I wanted to try something different. I was looking for inspiration. Something new to say. Something new to create.
I’d just finished an art commission for the new Winnipeg (WAG)-Qaumajuq. It was one of the highlights of my long artistic career. It was a culmination of years of practice, hard work and perseverance.
One day I came into my workspace and realized I needed new dreams, new expectations, new explorations and thoughts, wherever they may arise.
So in 2022, my 66th year, I decided to go back to school. I was accepted as a Master’s of Fine Arts student at Memorial University’s Grenfell campus in Corner Brook, Newfoundland and Labrador.
My husband and I could either drive or fly to Newfoundland from mainland Labrador. We opted to make the three-day drive from central to southern Labrador, overnighting, then crossing the ferry to Newfoundland.
This is a record of that journey, in poetry and illustrations, embarking as a technologically challenged student.
Shy as a Rainbow
Once upon a time there lived this very quiet, little Inuk girl. She loved when her Mother gently brushed and fiercely braided the girl’s glossy black hair. Straight it fell, a glistening onyx waterfall.
As shy as a rainbow. Surrounded by turbulence and silence.
She was the first in her large family not born at home. Her Mother’s Mother, Anana, gazed into the crib to find aware chocolate brown eyes gazing back. Then and there her Anana named her E-Ye-I, meaning Eyes.
Of brothers and sisters she had many, yet spent hours in the company of her Anana and Ninouk, her Mother’s parents.
Her Anana spoke very little English. Ninouk, a well-respected interpreter and translator, was well versed in two languages and conversed in two more.
Surrounded by languages, the girl and her siblings often wondered why they could only speak and write English and not Inuktitut, their Mother Tongue.
She could hear that foreign, familiar language, flowing like a river current, syllables fast and furious. Those achingly familiar words punctuated by peals of laughter or tears. She creeps closer, quiet, listening, deciphering. A sight of movement? Shadow? Sigh? Talk ceases. Heads swivel. Eyes catch. A look shared. It’s English once more. Where have they disappeared?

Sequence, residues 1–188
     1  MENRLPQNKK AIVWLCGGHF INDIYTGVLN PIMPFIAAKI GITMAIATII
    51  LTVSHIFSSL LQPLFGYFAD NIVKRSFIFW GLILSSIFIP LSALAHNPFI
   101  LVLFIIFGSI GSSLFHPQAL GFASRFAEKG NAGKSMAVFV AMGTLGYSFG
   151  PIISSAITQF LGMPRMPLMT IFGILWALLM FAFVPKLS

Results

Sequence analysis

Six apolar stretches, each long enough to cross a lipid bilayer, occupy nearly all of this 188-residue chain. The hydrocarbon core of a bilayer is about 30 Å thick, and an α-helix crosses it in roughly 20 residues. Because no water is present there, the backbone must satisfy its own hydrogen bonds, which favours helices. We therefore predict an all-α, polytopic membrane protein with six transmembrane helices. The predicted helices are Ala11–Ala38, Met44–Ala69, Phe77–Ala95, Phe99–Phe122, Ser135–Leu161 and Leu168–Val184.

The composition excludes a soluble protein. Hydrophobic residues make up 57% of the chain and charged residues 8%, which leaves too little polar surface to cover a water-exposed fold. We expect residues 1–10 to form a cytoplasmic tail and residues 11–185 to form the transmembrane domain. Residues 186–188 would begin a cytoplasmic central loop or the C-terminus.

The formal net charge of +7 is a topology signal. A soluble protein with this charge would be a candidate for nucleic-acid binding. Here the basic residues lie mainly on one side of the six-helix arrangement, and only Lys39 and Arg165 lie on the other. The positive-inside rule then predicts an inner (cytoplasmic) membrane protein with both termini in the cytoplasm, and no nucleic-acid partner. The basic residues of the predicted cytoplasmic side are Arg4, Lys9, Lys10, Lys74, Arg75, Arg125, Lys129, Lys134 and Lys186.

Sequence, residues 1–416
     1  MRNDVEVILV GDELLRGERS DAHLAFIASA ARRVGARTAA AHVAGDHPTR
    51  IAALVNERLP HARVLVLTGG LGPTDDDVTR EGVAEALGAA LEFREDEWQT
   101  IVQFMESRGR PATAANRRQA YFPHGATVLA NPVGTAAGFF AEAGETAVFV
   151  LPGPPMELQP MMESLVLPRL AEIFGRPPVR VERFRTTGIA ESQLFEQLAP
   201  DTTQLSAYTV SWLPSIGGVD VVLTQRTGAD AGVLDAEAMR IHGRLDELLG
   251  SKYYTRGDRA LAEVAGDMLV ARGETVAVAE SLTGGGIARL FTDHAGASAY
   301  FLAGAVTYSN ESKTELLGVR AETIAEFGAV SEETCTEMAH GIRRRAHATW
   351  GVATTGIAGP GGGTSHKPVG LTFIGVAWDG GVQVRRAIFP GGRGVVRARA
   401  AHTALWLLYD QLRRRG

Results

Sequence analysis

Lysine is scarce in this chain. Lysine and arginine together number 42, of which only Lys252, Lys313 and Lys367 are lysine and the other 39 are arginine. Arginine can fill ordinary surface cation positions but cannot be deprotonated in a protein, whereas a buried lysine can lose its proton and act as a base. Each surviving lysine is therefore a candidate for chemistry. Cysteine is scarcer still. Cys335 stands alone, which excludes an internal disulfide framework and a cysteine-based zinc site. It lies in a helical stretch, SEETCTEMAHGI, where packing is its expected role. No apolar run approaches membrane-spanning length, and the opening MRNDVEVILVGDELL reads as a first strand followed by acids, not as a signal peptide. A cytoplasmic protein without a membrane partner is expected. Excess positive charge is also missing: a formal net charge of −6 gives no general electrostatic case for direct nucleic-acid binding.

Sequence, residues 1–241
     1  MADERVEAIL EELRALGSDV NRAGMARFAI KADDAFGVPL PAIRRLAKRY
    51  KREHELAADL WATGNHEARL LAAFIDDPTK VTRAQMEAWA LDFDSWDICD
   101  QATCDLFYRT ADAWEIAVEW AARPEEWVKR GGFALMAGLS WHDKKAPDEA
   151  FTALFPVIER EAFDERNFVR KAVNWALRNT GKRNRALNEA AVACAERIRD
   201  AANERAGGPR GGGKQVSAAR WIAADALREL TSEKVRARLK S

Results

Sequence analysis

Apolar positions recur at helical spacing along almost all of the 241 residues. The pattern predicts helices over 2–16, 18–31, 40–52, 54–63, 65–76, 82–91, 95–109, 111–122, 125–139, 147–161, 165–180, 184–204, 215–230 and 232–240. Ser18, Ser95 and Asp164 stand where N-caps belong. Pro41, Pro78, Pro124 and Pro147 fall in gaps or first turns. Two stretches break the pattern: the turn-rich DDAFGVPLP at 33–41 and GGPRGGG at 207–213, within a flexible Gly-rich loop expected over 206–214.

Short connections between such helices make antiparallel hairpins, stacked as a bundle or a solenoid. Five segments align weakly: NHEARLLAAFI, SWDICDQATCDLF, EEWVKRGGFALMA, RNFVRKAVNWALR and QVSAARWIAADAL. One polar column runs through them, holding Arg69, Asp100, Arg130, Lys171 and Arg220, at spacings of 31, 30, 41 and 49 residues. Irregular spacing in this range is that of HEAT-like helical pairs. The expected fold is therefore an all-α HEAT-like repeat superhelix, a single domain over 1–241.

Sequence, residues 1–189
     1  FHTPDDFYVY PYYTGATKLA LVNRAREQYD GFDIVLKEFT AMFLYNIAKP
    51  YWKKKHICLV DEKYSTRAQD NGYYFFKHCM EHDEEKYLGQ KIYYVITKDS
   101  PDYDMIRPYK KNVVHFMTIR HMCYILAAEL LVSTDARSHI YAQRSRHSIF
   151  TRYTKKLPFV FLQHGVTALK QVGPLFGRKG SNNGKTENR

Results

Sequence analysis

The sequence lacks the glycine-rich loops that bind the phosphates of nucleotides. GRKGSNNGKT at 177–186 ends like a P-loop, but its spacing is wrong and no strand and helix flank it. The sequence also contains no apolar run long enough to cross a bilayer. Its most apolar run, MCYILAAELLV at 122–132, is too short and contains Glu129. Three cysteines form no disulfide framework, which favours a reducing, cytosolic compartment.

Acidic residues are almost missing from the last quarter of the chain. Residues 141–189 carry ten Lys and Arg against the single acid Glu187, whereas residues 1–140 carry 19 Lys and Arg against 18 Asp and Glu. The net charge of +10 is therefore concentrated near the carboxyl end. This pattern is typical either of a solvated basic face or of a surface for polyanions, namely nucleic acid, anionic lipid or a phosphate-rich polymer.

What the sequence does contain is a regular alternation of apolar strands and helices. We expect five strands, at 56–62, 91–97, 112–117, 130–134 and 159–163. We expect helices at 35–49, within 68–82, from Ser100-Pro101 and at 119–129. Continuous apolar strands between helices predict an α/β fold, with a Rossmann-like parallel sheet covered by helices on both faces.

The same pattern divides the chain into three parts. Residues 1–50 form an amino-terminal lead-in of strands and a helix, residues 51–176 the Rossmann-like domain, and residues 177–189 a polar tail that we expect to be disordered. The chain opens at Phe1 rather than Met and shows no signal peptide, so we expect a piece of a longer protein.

Many years later, while brushing the cascade of onyx hair, her Mother bends close.
Soft sighs were her words, the girl strained to listen.
“It was for your own good. Yours, your brothers’ and sisters’. After your Uncles, Aunts and myself returned from boarding school, we all agreed, we did not want our children to suffer the same way. We understood that English was here to stay. In this language and education you must fit in and succeed. No Inuktitut to be spoken around the children. We all agreed. We thought it best for the children. You understand?”
Young as she was, Inuk Girl understood. And so she studied.
Today, many decades later, studies still.
To honour the sacrifices of many.
Little Inuk Girl included.
Shy as a rainbow. Fierce as a storm.
Chocolate brown eyes
Still recording. Still remembering.
This is her latest story. Written as free poetry. Illustrated from memory and imagination.
Shirley Moorhouse and her family live in Goose Bay, Labrador. Her maternal grandmother Mary Ikey named her “E-Ye-I” meaning Eyes. From a young age she observed her parents and grandparents creating clothing, objects and household items. With her minute stitches, fluid brush strokes and innovative uses of material for her wallhangings and paintings, Moorhouse mimics her relatives’ mastery of form, function and beauty.
Moorhouse’s signature wallhangings, on backgrounds of black wool, intuitively meld traditional materials such as beads and smoke-tanned caribou hide with objects such as locks, keys, bubble wrap and computer parts. Her art reflects her pride in her family and her Inuit ancestry, exploring the flexibility and strength of women and family as well as issues of colonization, environmental stewardship and citizenship.
In 2003, Moorhouse completed her Bachelor of Arts (BA) in Canadian and Aboriginal studies at Carleton University in Ottawa, ON, and is currently a Master of Fine Arts (MFA) student in Visual Arts at Grenfell Campus, Memorial University of Newfoundland.
Since 1996 she has exhibited nationally and internationally in many group and solo exhibitions, and her art can be found in galleries, museums, institutions and homes. In 2020, Moorhouse was commissioned to create a new work for the Winnipeg Art Gallery (WAG)-Qaumajuq’s debut exhibition, INUA. A detail of her mixed-media wallhanging appeared on the cover of the Inuit Art Quarterly’s special collectors’ issue marking the event.
This project was made possible with the generous support of the Canada Council for the Arts.